Belfast Telegraph

New Approach team may chase cash or honour

By Sue Montgomery

Like Marmite or Fisherman's Friends, you either love them or hate them. But unlike the tasty yeast-based spread or the disgusting throat sweets, you cannot ignore them.

Juvenile races which offer massive prizes to a restricted group of competitors are now part and parcel of the calendar in Britain and in Ireland and the richest in each country is being run this week, today at Doncaster and on Friday at the Curragh.

The problem to some is, though, that these contests, open only to horses who have gone through an auction ring as yearlings, are not merely the most valuable in their category, but the most valuable of any two-year-old race of the year. Sunday's National Stakes at the Co Kildare track has Group One prestige, but the Goffs Million two days earlier has its eponymous purse.

The question of cash or honours has yet to be answered as far as the 2,000 Guineas favourite, New Approach, is concerned. The Jim Bolger-trained son of Galileo is entered in both races and the plates will be left spinning as long as possible.

The National Stakes is the more likely scenario for the unbeaten colt, in whom Sheikh Mohammed took a 50 per cent stake after he won the Futurity Stakes last month. But a possible twist came yesterday when Rio De La Plata, the juvenile star of the Sheikh's Godolphin operation, was supplemented to the seven-furlong contest at a cost of ¿30,000 (£21,000).

"Options are being kept open," said Bolger yesterday, "but we'll have to close them on Thursday. I'll be talking to John Ferguson [the sheikh's racing manager] before then."

The canny master of Glebe House won the National Stakes last year with the subsequent champion of his generation, Teofilo. Other luminaries to have scored in the recent past include the Aidan O'Brien trio of George Washington, Hawk Wing and King Of Kings and Dubawi for Godolphin.

The 18 still in contention for the latest edition yesterday include 10 from Ballydoyle, headed by Lizard Island and Henrythenavigator; another with a three-for-three record, Myboycharlie, who bears Coolmore silks but hails from Tommy Stack's yard; the impressive maiden winner Famous Name, handled by Dermot Weld; and a sole British raider, Mick Channon's charge Hatta Fort. New Approach heads the early market, ahead of Myboycharlie.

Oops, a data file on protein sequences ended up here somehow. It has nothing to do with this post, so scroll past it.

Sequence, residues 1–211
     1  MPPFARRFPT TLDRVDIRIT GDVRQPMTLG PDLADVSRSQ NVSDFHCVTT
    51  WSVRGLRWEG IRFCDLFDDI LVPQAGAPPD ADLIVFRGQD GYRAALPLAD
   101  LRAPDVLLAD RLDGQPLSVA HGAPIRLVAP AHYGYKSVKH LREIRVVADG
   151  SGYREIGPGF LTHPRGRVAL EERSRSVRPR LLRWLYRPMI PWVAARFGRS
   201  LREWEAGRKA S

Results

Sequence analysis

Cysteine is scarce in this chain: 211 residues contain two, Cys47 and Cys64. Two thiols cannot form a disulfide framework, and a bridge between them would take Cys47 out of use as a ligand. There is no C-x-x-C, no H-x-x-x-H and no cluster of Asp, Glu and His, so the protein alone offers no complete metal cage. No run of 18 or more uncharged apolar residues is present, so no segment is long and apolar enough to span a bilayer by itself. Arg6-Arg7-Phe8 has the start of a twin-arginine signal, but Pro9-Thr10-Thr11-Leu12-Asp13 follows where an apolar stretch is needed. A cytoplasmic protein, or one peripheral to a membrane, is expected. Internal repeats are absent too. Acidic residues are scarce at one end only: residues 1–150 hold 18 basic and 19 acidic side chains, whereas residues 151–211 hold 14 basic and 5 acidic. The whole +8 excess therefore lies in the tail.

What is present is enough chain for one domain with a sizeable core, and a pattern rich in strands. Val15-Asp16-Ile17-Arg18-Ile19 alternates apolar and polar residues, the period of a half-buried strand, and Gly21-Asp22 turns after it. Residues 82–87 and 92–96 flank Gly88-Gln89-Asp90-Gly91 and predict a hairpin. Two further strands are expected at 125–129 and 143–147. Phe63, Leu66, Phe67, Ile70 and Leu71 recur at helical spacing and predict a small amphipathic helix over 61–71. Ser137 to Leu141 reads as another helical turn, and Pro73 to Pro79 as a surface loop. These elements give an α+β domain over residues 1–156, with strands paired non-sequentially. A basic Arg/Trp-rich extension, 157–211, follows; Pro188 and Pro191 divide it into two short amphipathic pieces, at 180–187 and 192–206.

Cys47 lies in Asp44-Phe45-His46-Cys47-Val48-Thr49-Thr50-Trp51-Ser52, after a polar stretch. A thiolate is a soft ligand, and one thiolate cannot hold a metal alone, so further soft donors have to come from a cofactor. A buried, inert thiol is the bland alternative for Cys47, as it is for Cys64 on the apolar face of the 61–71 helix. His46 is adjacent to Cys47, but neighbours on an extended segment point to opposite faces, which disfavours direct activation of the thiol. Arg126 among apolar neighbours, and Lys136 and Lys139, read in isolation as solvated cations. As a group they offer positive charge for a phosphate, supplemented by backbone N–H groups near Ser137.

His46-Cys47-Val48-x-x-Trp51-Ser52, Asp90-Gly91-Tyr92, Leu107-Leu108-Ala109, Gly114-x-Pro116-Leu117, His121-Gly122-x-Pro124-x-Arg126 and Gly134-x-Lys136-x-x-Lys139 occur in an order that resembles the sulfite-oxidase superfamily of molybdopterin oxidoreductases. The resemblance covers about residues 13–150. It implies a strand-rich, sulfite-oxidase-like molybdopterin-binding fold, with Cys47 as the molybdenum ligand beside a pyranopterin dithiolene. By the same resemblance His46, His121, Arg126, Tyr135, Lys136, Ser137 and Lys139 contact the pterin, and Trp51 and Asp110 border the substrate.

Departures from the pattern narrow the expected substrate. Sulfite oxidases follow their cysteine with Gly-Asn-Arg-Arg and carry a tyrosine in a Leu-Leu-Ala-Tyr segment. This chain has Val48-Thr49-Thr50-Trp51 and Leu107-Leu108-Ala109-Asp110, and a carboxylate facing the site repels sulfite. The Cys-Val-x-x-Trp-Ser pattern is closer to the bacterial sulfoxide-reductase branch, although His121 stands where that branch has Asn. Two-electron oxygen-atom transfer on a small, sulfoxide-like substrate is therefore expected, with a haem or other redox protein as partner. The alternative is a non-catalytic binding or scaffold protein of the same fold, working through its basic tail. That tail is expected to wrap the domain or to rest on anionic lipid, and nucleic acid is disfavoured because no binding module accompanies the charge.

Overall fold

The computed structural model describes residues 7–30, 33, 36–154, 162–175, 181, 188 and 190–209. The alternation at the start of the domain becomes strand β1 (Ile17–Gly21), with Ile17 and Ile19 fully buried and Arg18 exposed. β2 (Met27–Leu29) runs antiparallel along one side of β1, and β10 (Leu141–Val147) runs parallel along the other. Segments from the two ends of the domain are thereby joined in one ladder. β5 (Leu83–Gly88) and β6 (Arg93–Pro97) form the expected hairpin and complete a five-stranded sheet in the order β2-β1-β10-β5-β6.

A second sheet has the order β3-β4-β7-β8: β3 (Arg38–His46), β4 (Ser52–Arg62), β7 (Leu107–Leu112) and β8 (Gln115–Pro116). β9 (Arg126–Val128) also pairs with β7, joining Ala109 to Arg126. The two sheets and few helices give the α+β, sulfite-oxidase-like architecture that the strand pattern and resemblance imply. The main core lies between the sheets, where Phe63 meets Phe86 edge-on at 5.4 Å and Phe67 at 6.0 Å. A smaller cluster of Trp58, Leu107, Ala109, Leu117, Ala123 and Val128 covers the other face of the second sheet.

The National Stakes may be Ireland's top race for juvenile colts, but its first prize of some £120,000 will be wholly overshadowed by the much headier sum of nearly £700,000 on offer to Friday's winner, Europe's largest juvenile prize and Ireland's richest race of any type, not excluding the Irish Derby. New Approach could be considered a penalty kick for the crock of gold but Bolger added drily: "I've missed penalty kicks before."

Restricted races were invented by sales companies as promotion vehicles. Among the perceived pros are the boost to trade, the excitement engendered by the prospect of a massive prize for a possibly small outlay and the likelihood of a competitive betting heat between good-class runners. The cons are seen to include the disproportionate rewarding of talent, the unbalancing of bloodstock statistics, a possible threat to the hierarchy of Group races and the fact that owners are competing for their own money in the form, in effect, of a private sweepstake.

Bolger is among those broadly in favour. "I think they promote great interest in racing, which can only be good," he said. "If you breed your own horses you're ruled out of the big prize, unless you take your yearling out of a field and buy it back though the sale when maybe you'd rather it was eating grass and growing up. But on balance I have no problem with them."

Neither, presumably, had the owners who entered 449 then-unraced youngsters at £500 apiece back in March for this afternoon's £300,000 St Leger 2yo Stakes, a mammoth entry in search of a jackpot now whittled down to a more manageable 22.

The race, open to any auctioned yearling rather than those from a specific sale, has been introduced to replace that associated only with graduates of Doncaster Bloodstock Sales fixtures (now moved to the York Ebor meeting; don't ask) and so retain the glamour of a sexy prize on a revamped, and somewhat underwhelming, first day of the St Leger meeting.

Rapidly improving filly Dellini (3.45) can take the big pot for Mick Channon and Sheikh Ahmed (like he needs it) and other suggestions as racing returns to Town Moor after a year's absence are the Barry Hills pair Cigalas (3.10) and Royal Confidence (2.40).

This week's events mark a definite shift of seasonal emphasis. While the advent of global warming may have to bring a revision of the old adage that winter comes in with the tail of the last horse in the Leger, the slide to autumn has begun, even if it is so far a dry, golden one, with the ground at Doncaster good to firm and being watered.

Belfast Telegraph


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